Retrospective planning permission for a Sui Generis HMO

Updated on 13th July 2018 in Planning Permission
1 on 29th March 2018

I have a 9 bedroom HMO. The house was granted a 9-person HMO license last August. I previously had a license for 8 people for 2 years.
The HMO officer deemed the house to be suitable and had no concerns.

Unfortunately, I did not realise that I had to obtain planning permission for a ‘change of use’.  There has been no change to the property just an extra use of rooms.
I then made a retrospective planning application. The officers came round and queried the basement room windows which do comply with regulations.

In the end after months of going back and forth the planning officer said it was going to be refused, mainly on the grounds of neighbour opposition. Many of the letters assumed that a 9-bed HMO would just be full of people of low intelligence – addicts and criminals – which I find to be very insulting. I have a high-end HMO for Masters and PhD students and it is in very good condition – it is a beautiful Georgian house overlooking a park. It is in a fairly residential street although the rest of the area is full of HMO’s. It seems to be a ‘not in my back yard’ situation – many of the complaints were generic because they don’t know me or have ever met the tenants in the house. As a business person, this is quite a reduction in my income, so it is not particularly welcome. in my opinion any comings or goings are no more than a large family using the property. They only have one car.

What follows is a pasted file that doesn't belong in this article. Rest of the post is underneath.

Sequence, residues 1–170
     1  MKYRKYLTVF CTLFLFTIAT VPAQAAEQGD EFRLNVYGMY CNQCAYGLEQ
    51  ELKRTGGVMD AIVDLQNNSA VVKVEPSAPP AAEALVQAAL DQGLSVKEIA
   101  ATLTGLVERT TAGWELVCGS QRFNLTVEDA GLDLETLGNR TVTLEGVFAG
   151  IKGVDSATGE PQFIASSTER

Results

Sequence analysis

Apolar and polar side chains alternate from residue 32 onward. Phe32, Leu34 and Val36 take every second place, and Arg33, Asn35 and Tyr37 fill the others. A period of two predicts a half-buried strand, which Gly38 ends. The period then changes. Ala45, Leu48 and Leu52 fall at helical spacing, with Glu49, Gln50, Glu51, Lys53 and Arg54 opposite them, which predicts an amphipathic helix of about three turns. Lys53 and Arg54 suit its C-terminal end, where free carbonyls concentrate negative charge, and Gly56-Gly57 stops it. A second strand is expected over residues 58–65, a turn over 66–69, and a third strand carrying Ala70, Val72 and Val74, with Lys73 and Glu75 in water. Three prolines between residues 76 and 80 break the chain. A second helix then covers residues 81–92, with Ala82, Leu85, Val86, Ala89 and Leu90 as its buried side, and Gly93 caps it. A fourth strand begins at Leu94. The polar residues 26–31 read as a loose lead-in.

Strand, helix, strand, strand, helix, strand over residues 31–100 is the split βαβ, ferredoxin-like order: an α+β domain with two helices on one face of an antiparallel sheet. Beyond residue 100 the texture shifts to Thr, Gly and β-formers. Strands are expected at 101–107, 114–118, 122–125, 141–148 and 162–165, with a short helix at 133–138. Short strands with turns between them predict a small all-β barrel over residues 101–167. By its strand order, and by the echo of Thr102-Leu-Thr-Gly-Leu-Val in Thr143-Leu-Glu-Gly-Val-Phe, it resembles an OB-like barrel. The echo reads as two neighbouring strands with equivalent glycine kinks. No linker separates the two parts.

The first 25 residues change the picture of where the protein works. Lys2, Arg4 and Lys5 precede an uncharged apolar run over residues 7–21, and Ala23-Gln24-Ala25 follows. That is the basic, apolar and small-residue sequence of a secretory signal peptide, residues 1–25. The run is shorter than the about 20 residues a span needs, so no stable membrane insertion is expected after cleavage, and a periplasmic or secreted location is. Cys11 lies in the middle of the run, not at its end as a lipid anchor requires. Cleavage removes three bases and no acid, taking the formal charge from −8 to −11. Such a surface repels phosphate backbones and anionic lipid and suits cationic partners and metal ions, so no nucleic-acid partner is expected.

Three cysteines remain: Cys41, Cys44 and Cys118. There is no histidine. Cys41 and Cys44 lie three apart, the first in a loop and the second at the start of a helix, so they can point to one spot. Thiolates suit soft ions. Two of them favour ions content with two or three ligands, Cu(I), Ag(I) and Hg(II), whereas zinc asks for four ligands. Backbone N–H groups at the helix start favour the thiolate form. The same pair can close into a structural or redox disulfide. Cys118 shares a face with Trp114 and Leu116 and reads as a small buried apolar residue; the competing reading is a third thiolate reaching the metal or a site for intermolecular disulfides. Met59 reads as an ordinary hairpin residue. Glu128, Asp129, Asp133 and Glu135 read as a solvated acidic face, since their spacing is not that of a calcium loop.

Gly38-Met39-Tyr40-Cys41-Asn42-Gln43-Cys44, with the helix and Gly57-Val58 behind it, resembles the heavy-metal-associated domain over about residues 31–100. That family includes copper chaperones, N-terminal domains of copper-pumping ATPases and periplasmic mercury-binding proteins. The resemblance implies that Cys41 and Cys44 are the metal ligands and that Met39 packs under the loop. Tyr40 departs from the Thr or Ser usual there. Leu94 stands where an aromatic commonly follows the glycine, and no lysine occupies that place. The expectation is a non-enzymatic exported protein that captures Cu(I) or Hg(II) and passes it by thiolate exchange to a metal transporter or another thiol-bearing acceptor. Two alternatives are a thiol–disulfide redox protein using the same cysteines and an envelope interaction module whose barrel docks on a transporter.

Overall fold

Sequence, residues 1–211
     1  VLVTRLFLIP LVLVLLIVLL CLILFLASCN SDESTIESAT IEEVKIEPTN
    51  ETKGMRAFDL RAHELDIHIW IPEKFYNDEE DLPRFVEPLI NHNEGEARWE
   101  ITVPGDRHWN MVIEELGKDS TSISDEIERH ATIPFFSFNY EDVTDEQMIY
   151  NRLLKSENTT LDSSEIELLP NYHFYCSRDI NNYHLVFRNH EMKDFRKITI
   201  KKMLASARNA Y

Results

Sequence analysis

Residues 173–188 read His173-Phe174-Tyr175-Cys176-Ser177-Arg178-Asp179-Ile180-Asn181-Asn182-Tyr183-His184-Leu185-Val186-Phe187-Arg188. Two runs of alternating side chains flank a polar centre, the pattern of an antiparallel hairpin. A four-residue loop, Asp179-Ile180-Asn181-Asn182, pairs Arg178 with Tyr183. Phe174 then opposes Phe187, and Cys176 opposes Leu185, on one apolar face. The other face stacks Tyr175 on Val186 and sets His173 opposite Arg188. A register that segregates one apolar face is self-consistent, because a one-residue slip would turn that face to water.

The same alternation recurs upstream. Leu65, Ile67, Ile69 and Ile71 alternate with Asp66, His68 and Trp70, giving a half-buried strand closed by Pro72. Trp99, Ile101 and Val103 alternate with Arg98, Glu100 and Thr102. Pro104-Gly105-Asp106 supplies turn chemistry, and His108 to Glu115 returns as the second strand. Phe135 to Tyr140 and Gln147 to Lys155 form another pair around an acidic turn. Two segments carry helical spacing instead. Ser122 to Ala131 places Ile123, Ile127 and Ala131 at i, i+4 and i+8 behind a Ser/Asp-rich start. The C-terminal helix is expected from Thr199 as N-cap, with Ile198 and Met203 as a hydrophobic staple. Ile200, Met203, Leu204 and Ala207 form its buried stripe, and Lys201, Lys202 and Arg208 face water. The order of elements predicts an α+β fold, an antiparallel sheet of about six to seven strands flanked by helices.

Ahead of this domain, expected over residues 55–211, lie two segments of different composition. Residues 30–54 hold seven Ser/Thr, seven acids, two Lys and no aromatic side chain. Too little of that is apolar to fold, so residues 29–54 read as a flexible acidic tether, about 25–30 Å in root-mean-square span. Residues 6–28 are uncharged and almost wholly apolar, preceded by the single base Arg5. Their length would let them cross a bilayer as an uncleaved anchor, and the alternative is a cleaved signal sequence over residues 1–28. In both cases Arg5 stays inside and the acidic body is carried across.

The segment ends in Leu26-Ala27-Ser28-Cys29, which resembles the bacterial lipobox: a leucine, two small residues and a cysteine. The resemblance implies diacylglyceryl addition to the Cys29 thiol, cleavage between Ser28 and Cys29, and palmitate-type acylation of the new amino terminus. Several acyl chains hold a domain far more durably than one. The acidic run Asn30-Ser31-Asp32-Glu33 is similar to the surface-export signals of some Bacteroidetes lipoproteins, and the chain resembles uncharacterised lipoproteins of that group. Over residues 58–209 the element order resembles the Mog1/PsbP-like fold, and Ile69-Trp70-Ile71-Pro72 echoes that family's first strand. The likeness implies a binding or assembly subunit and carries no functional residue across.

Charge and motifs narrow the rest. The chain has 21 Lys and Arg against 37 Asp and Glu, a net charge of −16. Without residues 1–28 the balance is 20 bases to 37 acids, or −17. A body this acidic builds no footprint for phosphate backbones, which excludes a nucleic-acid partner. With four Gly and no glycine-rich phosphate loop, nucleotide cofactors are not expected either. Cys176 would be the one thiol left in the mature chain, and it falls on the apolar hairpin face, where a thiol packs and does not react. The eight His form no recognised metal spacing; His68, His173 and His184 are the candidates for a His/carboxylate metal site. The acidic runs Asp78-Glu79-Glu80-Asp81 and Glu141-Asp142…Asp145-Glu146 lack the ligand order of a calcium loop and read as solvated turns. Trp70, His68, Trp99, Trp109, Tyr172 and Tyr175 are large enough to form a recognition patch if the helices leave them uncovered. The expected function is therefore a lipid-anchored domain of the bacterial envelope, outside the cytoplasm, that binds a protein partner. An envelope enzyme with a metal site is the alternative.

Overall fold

The plans seem to be fine as she did not mention them.

I would like to be clear of my legal status here.  Can the planning department override an HMO license before it expires? Am I legal at the moment to have 9 tenants until the end of their tenancies which is 31st July 2018?
Obviously, I can appeal against the decision or I have the option to reduce the number of rooms.

Does the fact that I have an HMO license for 9 people have any weight regarding an appeal decision?

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0 on 13th July 2018

Hi Gina,

In answer to your question, according to “Licensing of Houses in Multiple Occupation in England” (of Communities and Local Government), the council may revoke the licence if it consider management of the HMO to be unsatisfactory or that the HMO is no longer suitable to house the number of occupiers. It should be noted that before taking away the licence the council must inform the landlord and the other relevant persons that it intends to do so and there must be a minimum period of 14 days for a response. The council must take into account any representations made before issuing its final decision. If the council might revoke the licence, you can appeal against that decision to a Residential Property Tribunal.

Besides, according to “Licensing of Houses in Multiple Occupation in England”, you are not allowed to commence proceeding to evict your current tenants in their tenancies.

The HMO licence does not confer any planning permission. If your planning application is refused, you can appeal against the council decision notice. When appealing or commenting on an appeal you need to consider government planning guidance and the relevant policies, hence, your appeal needs to explain why your proposal complies with these and appropriate grounding for appeal. Particularly, your appeal should express your views clearly, succinctly and logically.

The team at DAP with years of experience dealing with appeals will assist you with your appeal. We have several examples of where we have been successful in gaining approved appeals. You could find further information on planning appeals and our appeal cases via our website: http://www.drawingandplanning.com/planning-appeal/

 

I hope this may help you.

Best regards,

Vi P

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